14 March, 2010

WARNING: long rant. avoid at all costs.

I officially despise college searching.  How can people enjoy this nightmarish activity?  Ugh.  Went and visited a very large Christian university in Virginia a few weeks ago, the name of which I will not mention but which boasts - and when I say boasts I mean boasts - tanning beds, year-round skiing, foyers measuring "fowa hundrud an fifty feet bye fifty feet" and "spowts an music fuh too attract thu yhung people."
Oh, yeah, tanning beds are definitely a big selling point for me.   For sure.
Hm. Not.
I've never heard anything so ridiculous in my life.  Let's just say that the "attractions" the school has to offer do not attract me and leave it at that. Moving on.

I'm feeling a bit grouchy.  I don't want to whinge here, but grrrr.

I herby put out a disclaimer.
I've been toting How to be Idle around with me over the last week or so, and I've been asked by friends, quite a few times, what I'm reading.  But I feel a bit hesitant, after I flash the title to 'em, when they ask me whether it's good or not.  (I sort of think, well, why would I be more than halfway through the book if it wasn't good? but never say it)  It is good, mainly.   But did I cringe when one of my mom's very conservative co-workers took note of the title and author on a little pad?  Yes.  I really worry that, if anyone actually does go out and pick the book up, they will be appalled by some of the ideas and, erm, language - and think I'm totally okay with it all.  I often disagree with Mr. Hodgkinson. Christians are entirely responsible for the messed-up work ethic we've got today?  I have a hard time believing that.  Life is pointless?  Sorry, I don't buy it.
For example, a couple of the chapters in How to be Idle are exclusively about drinking, smoking, and hangovers, etc. I don't have problems with responsible drinking. When people say it's 100%, no question about it, absolutely wrong for good Christians to drink, period, I can't help thinking of C.S. Lewis. I mean, anyone can do some reading and find out that he enjoyed a pint at the pub now and then.  It's one of those things you can't generalize about.  For some people, going to the movies is wrong - but just because you object, it isn't automatically wrong for all Christians to go to the movies.  Drinking is one of those things.  My parents don't drink, some of my friends' parents do - and we are all fine with it.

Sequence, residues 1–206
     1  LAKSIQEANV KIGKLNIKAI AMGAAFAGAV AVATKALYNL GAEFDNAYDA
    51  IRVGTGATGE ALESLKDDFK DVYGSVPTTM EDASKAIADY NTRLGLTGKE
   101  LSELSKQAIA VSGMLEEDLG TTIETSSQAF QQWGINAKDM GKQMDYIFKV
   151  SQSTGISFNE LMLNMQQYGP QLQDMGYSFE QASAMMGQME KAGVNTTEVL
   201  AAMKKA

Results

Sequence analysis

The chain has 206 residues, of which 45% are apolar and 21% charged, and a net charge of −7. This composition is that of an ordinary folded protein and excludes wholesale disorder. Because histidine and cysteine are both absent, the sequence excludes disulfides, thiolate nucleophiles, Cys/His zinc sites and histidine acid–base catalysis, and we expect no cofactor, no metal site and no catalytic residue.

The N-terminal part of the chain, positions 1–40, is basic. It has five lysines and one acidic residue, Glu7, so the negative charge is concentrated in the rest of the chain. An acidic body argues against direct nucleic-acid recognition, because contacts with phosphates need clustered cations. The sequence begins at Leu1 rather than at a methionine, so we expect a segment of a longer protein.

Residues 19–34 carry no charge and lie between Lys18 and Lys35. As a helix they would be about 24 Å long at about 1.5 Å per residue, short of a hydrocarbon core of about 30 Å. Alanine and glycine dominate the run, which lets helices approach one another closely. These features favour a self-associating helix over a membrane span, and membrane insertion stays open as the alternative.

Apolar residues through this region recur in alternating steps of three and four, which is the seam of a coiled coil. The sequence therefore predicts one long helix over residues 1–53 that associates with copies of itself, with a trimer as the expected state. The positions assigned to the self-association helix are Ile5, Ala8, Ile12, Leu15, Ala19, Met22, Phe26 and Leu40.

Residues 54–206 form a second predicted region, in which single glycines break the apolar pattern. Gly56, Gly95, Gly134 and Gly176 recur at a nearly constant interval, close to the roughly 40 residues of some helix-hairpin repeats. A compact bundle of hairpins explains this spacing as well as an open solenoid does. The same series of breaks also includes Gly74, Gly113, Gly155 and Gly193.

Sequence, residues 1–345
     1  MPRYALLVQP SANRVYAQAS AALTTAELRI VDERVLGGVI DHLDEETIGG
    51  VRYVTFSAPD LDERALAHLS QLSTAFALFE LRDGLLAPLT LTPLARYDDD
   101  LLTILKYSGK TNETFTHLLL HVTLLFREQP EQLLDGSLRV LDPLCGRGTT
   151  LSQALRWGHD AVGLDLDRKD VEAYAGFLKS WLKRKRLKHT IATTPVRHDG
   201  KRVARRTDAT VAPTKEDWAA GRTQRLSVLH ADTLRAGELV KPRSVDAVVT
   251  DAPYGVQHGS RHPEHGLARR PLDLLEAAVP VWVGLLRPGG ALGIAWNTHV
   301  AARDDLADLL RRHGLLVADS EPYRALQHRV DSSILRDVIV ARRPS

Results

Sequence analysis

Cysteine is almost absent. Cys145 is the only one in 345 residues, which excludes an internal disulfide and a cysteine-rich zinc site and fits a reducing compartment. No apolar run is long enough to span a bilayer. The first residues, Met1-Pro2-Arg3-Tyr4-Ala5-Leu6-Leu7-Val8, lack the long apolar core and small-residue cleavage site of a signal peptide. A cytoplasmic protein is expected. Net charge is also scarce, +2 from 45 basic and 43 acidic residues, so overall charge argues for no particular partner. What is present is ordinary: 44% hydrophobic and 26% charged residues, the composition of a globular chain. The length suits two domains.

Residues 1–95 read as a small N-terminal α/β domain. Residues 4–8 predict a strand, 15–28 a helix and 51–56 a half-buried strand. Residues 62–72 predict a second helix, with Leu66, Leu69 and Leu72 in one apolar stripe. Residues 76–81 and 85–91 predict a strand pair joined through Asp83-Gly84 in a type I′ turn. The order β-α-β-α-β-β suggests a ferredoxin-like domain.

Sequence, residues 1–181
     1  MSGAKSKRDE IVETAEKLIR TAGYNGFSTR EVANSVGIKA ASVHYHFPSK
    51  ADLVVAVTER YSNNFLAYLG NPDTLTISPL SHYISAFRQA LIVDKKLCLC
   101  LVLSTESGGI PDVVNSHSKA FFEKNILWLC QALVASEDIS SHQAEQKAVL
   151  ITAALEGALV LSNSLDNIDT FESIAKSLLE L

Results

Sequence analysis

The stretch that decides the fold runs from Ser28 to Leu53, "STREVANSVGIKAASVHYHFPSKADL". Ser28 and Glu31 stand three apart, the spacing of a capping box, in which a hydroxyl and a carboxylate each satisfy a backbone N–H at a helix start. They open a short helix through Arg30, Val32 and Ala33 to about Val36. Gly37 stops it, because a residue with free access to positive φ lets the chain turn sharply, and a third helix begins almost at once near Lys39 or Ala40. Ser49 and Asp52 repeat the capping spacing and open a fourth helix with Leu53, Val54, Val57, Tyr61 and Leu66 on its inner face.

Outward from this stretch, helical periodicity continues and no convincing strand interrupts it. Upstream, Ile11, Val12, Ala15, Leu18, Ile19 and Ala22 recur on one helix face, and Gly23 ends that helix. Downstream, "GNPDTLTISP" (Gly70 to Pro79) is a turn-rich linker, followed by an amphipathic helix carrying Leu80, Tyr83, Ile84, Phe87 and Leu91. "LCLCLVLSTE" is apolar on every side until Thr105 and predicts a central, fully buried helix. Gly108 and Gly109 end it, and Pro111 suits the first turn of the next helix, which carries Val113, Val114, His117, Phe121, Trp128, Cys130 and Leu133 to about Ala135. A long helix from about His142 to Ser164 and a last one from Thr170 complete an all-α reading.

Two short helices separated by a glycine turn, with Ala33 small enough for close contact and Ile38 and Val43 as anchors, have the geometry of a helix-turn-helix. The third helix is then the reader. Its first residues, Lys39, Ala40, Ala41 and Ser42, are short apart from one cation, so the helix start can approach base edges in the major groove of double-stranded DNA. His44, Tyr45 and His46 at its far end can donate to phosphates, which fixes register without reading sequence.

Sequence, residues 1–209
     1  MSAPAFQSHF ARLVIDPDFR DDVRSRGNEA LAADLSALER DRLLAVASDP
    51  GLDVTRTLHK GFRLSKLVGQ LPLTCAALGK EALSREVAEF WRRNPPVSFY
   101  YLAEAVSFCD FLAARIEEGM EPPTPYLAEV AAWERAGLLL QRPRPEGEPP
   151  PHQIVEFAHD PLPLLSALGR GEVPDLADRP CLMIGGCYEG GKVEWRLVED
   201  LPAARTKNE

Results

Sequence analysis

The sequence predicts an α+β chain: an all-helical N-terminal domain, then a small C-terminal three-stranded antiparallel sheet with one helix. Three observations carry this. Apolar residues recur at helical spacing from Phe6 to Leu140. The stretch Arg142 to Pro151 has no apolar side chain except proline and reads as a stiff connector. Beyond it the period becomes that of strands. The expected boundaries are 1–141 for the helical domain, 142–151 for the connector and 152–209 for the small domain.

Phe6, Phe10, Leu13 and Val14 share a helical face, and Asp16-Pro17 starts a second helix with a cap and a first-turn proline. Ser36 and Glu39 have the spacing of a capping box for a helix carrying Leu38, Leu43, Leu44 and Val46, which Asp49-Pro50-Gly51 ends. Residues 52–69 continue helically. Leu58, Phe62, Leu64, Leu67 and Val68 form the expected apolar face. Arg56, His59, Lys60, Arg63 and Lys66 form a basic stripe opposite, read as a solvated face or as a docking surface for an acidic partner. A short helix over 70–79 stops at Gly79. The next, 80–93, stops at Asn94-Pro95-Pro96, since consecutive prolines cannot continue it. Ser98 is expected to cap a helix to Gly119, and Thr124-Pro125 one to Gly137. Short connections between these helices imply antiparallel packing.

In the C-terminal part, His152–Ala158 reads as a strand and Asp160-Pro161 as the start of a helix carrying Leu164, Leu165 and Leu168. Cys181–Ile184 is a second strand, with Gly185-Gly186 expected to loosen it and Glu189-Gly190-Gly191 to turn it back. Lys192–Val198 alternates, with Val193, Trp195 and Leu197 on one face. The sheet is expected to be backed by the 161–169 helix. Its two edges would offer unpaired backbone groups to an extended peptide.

I do, however, have problems with drunkenness.   As far as I've seen, nothing good has ever come out of getting drunk.  My mom and dad have both spent huge portions of their lives in fire/paramedic/EMT jobs, and I've heard who knows how many stories of people getting themselves killed or smashed up - or, even worse in my opinion, hurting an innocent bystander - while in a drunken stupor.  My family has a history of alcoholism, and I've seen enough - if you know what I mean.  Tom Hodgkinson seems to think getting drunk on a regular basis is a normal, okay thing.  I disagree.  I don't object to getting drunk because it interferes with people getting work done, as Mr. Hodgkinson says the objectors do.   I just don't see the appeal in barfing, stumbling around with impaired judgement, and waking up with a splitting headache.  But then, I am a bit biased.
Things like that whole rant above are the issues I have... issues with.  I just disagree - but, to me, the book is still extremely valuable.  A lot of the people I've shrinkingly shared the book with are the sort that, if they don't agree with every word the author says, won't see any of the good bits.  And there are good bits in Tom Hodgkinson's philosophy, I swear!  I mean, gosh, how inspired is the idea that, in a family, both parents could work part-time on swapping schedules - and thereby spend three or four days at home with their kids? I'd never, ever though of that before!  So much of what I'm learning feels like something I've always known, but could never put words to.  The way wandering in the woods or messing about in boats or reading about "the horns of elfland" hurts in the pit of my stomach.  I've always liked the idea of victory gardens and walking and being free from stuff stuff stuff.  Somehow, it's just right.

Didn't mean to get all boring on you, blog. But there it is.  I'm just trying to figure things out.  Blah blah blah.  Who do I think I am, anyways?  Oh well.  Blogs are the place to be opinionated, right?

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